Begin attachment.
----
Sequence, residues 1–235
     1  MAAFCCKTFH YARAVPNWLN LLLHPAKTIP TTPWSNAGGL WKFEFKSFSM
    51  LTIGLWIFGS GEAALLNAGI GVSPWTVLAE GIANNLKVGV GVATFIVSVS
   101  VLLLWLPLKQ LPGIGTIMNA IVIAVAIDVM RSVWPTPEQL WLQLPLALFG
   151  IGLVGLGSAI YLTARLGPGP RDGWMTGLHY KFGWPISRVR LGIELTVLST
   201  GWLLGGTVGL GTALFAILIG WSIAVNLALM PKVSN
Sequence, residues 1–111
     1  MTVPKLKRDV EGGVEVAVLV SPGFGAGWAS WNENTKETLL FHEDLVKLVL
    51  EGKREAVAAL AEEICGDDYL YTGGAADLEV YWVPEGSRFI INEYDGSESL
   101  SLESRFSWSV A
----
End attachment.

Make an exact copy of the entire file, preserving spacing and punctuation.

Sequence, residues 1–235
     1  MAAFCCKTFH YARAVPNWLN LLLHPAKTIP TTPWSNAGGL WKFEFKSFSM
    51  LTIGLWIFGS GEAALLNAGI GVSPWTVLAE GIANNLKVGV GVATFIVSVS
   101  VLLLWLPLKQ LPGIGTIMNA IVIAVAIDVM RSVWPTPEQL WLQLPLALFG
   151  IGLVGLGSAI YLTARLGPGP RDGWMTGLHY KFGWPISRVR LGIELTVLST
   201  GWLLGGTVGL GTALFAILIG WSIAVNLALM PKVSN
Sequence, residues 1–111
     1  MTVPKLKRDV EGGVEVAVLV SPGFGAGWAS WNENTKETLL FHEDLVKLVL
    51  EGKREAVAAL AEEICGDDYL YTGGAADLEV YWVPEGSRFI INEYDGSESL
   101  SLESRFSWSV A